Remembering kama’aina John Goemans
John Goemans, a revolutionary attorney well known for his initiation of the Rice v. Cayetano case, passed away on Monday, June 15th in a California hospice. He had spent the past few years in California with his sister. Mr. Goemans was passionately involved in various civil rights cases in the state of Hawaii and will be remembered as a kama’aina with a vision of racial equality for Hawaii.
Goemans was born in 1934 in Milwaukee. He earned his undergraduate degree from Brown University and his law degree from the University of Virginia, where he was Senator Ted Kennedy’s roommate. After Goemans moved to the islands in 1959, he helped elect Ted’s brother, John F. Kennedy, to the presidency by campaigning for votes in Hawaii.
His political involvement on the islands ranged from running a United States Department of State office on O’ahu to serving in the State House of Representatives in the early 1960’s. He also worked as an aide to Senator Malama Solomon in the 1980’s.
Rice v. Cayetano, perhaps one of the most famous civil rights Supreme Court cases, was sparked by Goemans’ commitment to equality and justice. The case was initiated when Goemans heard that public money would fund the formation of the Hawaii Sovereignty Elections Council, a council that allowed only native Hawaiians to vote. Mr. Goemans helped Freddy Rice challenge this policy. The Rice case was filed in 1996 and decided, in Rice’s favor, in 2000. The case ultimately declared that the policy in question was in violation of the 15th Amendment. Civil rights attorney Bill Burgess, a personal friend of Mr. Goemans, described the case as “one of those landmark cases that only comes around once in a while.”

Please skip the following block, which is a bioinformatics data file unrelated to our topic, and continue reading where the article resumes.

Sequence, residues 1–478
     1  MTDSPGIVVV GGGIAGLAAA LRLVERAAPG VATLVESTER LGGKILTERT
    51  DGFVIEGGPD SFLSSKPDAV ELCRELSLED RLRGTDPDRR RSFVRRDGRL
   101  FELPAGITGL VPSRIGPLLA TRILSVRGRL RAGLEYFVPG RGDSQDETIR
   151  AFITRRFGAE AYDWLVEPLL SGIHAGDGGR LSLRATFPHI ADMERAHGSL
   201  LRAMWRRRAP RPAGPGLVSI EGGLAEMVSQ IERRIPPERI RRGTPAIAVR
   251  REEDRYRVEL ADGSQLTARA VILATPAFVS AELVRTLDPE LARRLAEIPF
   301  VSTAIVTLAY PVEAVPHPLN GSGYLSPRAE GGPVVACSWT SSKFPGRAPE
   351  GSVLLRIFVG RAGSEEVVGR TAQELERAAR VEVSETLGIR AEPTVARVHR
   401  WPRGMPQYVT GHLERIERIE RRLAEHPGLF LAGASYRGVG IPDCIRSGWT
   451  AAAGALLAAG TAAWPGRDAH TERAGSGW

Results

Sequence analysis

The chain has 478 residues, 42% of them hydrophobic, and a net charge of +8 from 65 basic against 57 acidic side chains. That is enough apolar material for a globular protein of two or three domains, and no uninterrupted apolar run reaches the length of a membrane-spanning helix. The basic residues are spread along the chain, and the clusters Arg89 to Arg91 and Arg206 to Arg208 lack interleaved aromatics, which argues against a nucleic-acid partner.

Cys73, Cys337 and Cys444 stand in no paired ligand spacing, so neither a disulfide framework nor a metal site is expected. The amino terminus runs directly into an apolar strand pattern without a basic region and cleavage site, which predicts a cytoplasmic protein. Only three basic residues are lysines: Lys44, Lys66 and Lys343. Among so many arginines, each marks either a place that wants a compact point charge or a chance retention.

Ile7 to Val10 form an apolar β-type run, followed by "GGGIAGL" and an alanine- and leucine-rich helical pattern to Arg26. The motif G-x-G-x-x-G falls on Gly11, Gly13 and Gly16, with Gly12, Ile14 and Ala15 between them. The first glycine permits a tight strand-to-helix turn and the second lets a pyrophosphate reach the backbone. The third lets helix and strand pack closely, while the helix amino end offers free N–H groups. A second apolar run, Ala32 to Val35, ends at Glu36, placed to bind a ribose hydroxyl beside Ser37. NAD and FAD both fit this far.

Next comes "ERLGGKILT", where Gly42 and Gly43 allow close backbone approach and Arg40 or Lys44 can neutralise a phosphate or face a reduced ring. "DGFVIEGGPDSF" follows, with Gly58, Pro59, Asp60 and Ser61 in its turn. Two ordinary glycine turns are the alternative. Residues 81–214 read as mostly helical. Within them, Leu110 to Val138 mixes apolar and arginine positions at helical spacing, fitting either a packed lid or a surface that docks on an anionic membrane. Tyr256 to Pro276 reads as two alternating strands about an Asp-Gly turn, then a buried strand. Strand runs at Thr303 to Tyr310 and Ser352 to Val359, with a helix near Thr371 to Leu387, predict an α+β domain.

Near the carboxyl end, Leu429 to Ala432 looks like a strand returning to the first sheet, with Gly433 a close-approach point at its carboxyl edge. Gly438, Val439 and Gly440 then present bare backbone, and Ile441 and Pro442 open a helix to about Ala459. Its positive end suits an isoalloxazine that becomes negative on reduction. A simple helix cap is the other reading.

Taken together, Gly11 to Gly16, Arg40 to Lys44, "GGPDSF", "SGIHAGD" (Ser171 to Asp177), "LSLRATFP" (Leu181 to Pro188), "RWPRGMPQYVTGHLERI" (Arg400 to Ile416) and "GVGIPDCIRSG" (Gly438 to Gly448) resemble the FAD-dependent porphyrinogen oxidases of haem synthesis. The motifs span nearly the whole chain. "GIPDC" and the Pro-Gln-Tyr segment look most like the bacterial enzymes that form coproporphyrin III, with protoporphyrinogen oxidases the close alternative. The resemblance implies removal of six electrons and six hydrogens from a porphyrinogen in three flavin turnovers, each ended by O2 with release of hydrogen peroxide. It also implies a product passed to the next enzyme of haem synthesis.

Goemans also spoke out against racial discrimination in the 2000 Patrick Barrett case and the 2007 Kamehameha Schools case. The Barrett case came about when Barrett applied for a small business loan from the Office of Hawaiian Affairs. He later learned that OHA loans exclusively to native Hawaiians, which led many to question the constitutionality of the organization. In May 2007, John Goemans represented a non-native Hawaiian student who sought admission into Kamehameha Schools. The case was on its way to the Supreme Court when Kamehameha Schools secretly approached the plaintiff with a settlement offer.
Those who knew Goemans describe him as charming and enjoyable. He was very social, surrounded by many friends. Goemans was one of the most influential actors for racial equality in Hawaii. He rejected the idea that party politics played a role in the state’s civil rights issues and instead acknowledged the issues as questions of fundamental American values. John Goemans’ life has greatly impacted the state of Hawaii and the nation as a whole. He will be greatly missed.
 Walte, David, “’Liberal’ sparks Hawaiians-only firestorm,’” Honolulu Advertiser, 27 October 2003: //the.honoluluadvertiser.com/article/2003/Oct/27/ln/ln08a.html (accessed June 16, 2008).
 Webster, Jessica, “Barrett’s standing on OHA constitutionality questioned,” Honolulu Advertiser, 3 July 2001: //the.honoluluadvertiser.com/article/2001/Jul/03/ln/ln08a.html (accessed June 16, 2008).
 Kobayashi, Ken, “$7M: An attorney involved in a challenge to Kamehameha Schools’ Hawaiians-only policy reveals the amount of a settlement,” Star Bulletin 13, no. 40 (2008): //archives.starbulletin.com/2008/02/09/news/story02.html (accessed June 16, 2008).